Looking for tips to make dinner time easier? Here are our go-to’s!
Got some tips you’d like to share? Let us know in the comments below!
Naomi Nachman (Sunny Side Up):
- I make my own frozen garlic cubes. I buy a big bag of whole peeled garlic, crush it down in my food processor, add some extra-virgin olive oil, and make little logs of frozen garlic.
Rorie Weisberg (Living Full ’n Free):
- One of my weekly Shabbat prep jobs is making two or three staple dressings. I always double each recipe- this way I have dressings for the week. Two of them will also get used as handy marinades for dinners throughout the week. Another time-saver hack is separating some of each dressing into individual dressing cups so when I’m making salads for lunches to send to work or school I don’t have to start pouring dressing in cups. It also enables me to offer a variety of dressings throughout the week to keep salads from getting repetitive and boring.
- We snack on a lot of homemade baked goods, so every Sunday I spend a few hours baking muffins, biscotti, and cookies. I freeze them in individual portions in baggies for easy grab ‘n go. I stick frozen cookies or muffins straight from the freezer into lunch bags in the morning, and by snack time they are defrosted.
Chanie Nayman (Kosherdotcom Editor-in-Chief):
- I’ve tried many options for can’t-tell-it’s-not-fried schnitzel, but the best method is broil. Spray the baking sheet with oil, then place the schnitzel on top, then spray the schnitzel pieces themselves with oil. Place under the broiler for three minutes on each side (depending on the size of the schnitzel).
- I love using my kitchen shears to clip the ends of string beans.
Leah Gottheim (Kosherdotcom VP):
- My three-dish balanced dinner in exactly 15 minutes: cook frozen breaded fish fillets for 15 minutes in the convection oven, cook a pot of 15-minute quick rice or Heaven & Earth microwave freezer rice, and boil a bag of mixed veggies for seven minutes. Serve with ketchup so all kids will eat it.
- Add smoked paprika and cumin to anything and it tastes like you did something fancy. Sprinkle it into your cholent, chicken, rice, or stir-fried chopped meat.
Rachel Kor (Kosherdotcom Editorial Assistant):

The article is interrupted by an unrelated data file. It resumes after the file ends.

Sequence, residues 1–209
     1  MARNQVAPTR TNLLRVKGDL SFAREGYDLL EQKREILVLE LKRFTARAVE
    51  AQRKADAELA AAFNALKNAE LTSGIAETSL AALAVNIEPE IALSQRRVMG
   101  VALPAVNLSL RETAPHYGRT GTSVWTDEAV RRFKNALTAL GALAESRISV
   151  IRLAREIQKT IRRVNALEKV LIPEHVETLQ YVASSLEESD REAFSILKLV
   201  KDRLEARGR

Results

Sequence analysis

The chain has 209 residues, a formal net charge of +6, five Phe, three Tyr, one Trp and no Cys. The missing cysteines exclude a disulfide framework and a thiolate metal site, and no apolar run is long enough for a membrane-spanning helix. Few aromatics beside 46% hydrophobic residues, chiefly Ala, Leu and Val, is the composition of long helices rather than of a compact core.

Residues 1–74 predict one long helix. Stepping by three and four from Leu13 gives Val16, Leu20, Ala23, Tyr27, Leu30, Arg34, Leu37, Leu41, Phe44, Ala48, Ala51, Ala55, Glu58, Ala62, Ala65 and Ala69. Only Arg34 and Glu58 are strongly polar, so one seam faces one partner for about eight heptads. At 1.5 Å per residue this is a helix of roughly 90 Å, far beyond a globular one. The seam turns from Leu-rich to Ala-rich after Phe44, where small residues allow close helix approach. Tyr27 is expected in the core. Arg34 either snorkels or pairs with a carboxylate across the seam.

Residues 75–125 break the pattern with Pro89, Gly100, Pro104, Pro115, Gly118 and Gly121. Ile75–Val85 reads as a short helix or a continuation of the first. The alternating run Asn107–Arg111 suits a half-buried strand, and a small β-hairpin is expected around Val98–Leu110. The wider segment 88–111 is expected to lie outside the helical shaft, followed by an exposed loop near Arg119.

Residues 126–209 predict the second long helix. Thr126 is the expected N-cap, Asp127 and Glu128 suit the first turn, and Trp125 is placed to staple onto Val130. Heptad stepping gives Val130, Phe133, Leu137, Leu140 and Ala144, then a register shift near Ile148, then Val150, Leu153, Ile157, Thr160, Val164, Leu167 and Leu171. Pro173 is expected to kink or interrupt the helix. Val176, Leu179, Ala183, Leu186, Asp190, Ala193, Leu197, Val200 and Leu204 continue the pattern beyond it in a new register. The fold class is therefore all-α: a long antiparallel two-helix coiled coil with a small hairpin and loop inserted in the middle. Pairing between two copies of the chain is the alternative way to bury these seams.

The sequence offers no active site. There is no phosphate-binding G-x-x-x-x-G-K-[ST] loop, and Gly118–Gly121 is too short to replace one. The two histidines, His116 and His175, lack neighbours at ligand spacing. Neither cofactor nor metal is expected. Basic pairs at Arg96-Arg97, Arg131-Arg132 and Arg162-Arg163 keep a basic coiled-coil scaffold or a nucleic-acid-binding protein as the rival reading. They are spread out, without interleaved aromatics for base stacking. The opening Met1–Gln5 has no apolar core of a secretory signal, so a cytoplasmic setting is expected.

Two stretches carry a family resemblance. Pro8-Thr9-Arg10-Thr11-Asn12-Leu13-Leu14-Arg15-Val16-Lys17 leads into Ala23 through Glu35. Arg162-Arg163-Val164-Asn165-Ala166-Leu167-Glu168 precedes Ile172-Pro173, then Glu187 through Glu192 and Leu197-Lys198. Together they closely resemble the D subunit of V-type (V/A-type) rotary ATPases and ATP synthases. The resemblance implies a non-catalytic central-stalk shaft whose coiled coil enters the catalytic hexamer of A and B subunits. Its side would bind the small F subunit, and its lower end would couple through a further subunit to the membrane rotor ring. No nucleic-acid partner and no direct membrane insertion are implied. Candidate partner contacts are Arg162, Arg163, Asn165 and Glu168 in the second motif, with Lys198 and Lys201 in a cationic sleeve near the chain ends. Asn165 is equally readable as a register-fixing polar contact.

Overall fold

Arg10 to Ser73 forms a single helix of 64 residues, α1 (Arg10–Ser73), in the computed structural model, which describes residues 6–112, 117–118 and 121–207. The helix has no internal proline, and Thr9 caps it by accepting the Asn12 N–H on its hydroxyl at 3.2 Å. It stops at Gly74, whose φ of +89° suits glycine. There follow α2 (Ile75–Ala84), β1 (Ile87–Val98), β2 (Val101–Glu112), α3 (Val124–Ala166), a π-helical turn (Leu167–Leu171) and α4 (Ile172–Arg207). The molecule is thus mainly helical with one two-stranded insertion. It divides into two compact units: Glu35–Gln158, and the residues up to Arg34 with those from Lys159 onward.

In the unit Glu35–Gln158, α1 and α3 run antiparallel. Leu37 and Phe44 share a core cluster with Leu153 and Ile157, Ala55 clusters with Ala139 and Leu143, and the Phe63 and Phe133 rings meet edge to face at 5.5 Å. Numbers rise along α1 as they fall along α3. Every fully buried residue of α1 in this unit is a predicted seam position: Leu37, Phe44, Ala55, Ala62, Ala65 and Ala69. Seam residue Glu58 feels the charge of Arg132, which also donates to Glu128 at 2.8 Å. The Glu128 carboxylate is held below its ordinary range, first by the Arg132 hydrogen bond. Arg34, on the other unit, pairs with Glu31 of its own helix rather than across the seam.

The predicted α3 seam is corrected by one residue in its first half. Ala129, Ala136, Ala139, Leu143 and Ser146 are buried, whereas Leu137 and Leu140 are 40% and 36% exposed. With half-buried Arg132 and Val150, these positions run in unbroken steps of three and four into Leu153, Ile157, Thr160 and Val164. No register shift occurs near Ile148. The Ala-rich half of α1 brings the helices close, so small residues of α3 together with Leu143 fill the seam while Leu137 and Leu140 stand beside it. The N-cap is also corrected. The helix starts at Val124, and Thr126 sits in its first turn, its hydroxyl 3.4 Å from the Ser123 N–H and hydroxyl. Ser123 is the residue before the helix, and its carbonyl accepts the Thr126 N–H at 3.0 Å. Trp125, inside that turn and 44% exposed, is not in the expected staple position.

- I buy extra-large cuts of meat and poultry (a five- to six-pound turkey roast or brisket) and cook for Shabbat with the intention of repurposing the leftovers for later in the week. So, if I make a BBQ brisket in a crockpot for Shabbat, I usually transform the leftovers into a taco dinner or toss in a salad for lunch. I’m not a big leftover person, but knowing I have the base of a really nice dinner or lunch helps me feel prepared for the busy week ahead.
- I clean as I go. While I’m waiting for the water to boil or the veggies to roast, I quickly wipe down the counter or wash the cutting board so I’m not left with a mess at the end of the night.
Raquel Malul (Kosherdotcom Marketing Assistant):
- I love using freshly squeezed lemon juice, whether in salad dressings, marinades, over chicken, roasted veggies, and so many other ways. But I find it slows me down when I need to stop, take out my lemon juicer, and juice a bunch of lemons. Instead, I go to the grocery store and buy two or three bags of lemons. In one big batch, I juice them all (I have an electric juicer that I love!) and they get stored in mason jars in my fridge. They last for a while and anytime I need some fresh lemon juice, I already have it!
Renee Schwartz (Kosherdotcom Recipe Editor):
- I line every baking sheet and baking pan with parchment paper for practically zero cleanup. I have heard that you can even lay parchment paper in your frying pan and cook that way — but this, I’m not brave enough to try.
- I make oat milk at home, and I recently discovered that it comes out the creamiest and requires less hands-on time when you use steel-cut instead of rolled oats and let them soak up to 12 hours in the refrigerator.
Jenna Grunfeld (Kosherdotcom Managing Editor):
- I’ll dice a few onions at a time and throw them in the freezer so that I can always take some out for a pasta dish or quick stir fry.
Nechama Fink (Kosherdotcom Back End Management Assistant):
- I try to cut/peel/grate/dice all the vegetables for several dishes that I will make one right after the other. It seems to save time and make it easier to prepare several dishes in a short span of time.
- When possible I like to start cooking early in the day. If I have already finished cooking a dish earlier in the morning for later that same day, I feel accomplished early on and I’m able to concentrate better and with more motivation on other things during the day.
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